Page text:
Should I restructure my small-volume discount levels to make them more competitive?
I have a company that offers volume discounts to retailers. Presently 90 percent of my business is coming from retailers who are buying at the deepest discount level. With price increases over the past several years, I'm now seeing a bigger gap than I would like at retail between that 10 percent and the 90 percent who often have enough inventory to hold pricing for several months after a price increase. Is it time to raise the volume requirements, or should I restructure the small-volume discount levels to make the bottom 10 percent more competitive? The sales volume on the 90 percent retailers has slowed, but the 10 percent retailers sales are declining signficantly.Yes, a price restructuring is needed. With an overall environment of inflation (i.e., a rise in the cost of basic goods and commodities, especially fuel), it's expected and understood that companies have to raise prices.
You may also want to look at this as an opportunity to segment your customers, so that your bottom 10 percent drop off completely and you can focus on the 90 percent who may have slowed, but who are profitable. You may want to further segment the 90 percent and see how you might be able to offer some discounts to your best customers or find ways to increase volume/profit from your end.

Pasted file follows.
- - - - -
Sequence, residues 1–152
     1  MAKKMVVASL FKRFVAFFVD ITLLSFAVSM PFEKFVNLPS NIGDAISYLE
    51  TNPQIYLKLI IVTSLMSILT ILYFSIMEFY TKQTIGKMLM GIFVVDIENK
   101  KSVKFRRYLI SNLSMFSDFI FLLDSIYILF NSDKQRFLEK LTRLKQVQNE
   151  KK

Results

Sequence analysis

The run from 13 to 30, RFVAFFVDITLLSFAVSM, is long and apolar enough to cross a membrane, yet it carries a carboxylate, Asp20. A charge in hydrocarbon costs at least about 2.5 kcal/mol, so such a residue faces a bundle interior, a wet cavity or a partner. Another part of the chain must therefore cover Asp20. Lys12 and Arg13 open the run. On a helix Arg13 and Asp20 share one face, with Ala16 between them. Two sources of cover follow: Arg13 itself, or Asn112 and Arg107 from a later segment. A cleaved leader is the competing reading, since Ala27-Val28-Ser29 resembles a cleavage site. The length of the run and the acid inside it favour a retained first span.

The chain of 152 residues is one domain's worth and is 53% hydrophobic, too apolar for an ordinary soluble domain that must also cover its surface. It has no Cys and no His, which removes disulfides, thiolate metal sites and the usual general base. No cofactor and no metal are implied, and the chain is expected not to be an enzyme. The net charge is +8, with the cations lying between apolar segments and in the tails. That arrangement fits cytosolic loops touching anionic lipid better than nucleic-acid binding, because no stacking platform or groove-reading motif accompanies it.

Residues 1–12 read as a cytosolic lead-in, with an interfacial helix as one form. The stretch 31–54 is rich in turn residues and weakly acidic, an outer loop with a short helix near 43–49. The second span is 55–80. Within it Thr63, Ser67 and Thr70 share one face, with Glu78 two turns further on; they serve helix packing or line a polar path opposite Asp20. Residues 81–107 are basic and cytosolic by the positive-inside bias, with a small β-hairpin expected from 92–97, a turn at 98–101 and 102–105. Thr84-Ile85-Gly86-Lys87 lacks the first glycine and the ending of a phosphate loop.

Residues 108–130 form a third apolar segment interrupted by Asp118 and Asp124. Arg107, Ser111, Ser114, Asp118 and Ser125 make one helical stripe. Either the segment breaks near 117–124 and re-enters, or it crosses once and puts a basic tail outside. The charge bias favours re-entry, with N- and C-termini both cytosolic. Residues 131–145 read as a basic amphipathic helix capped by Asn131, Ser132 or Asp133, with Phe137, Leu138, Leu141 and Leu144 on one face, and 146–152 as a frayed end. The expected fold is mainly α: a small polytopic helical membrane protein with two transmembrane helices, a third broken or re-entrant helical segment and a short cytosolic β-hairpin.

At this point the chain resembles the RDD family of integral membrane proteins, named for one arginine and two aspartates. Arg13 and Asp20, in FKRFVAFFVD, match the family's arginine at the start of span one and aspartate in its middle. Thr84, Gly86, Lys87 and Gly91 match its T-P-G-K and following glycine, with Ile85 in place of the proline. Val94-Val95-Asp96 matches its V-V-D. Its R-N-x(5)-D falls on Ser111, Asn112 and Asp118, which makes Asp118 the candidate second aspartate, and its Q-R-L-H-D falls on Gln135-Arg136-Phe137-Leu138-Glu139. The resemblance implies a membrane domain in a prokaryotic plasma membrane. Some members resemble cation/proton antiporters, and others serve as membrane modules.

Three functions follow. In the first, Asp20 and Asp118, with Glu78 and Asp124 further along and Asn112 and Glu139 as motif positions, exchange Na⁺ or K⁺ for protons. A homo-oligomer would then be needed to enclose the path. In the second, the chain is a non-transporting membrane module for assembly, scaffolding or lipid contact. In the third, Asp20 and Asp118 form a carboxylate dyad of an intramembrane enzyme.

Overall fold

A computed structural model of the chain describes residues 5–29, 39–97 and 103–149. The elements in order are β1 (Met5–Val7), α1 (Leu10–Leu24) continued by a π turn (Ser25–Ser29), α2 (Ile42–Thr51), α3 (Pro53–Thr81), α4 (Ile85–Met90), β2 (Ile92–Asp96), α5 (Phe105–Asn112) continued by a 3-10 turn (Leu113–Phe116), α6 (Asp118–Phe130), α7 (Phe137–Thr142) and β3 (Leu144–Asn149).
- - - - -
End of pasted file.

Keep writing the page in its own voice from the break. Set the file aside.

How do you segment? Just divide your customer base into A-, B-, C- and D-level customers based on their volume and profitability, as well as time and effort to service them. Right now, your D-level customers sound like the 10 percent segment. Within your 90 percent, you’ll also have D-level customers.
Ideally, you want a base of A- and B-level customers. Use this time in your business as an opportunity to get "lean" and explore your options in leveraging your own services and margins. Then when business turns around (and it will), you’ll be in an excellent position to significantly grow and capture additional market share.
All the best
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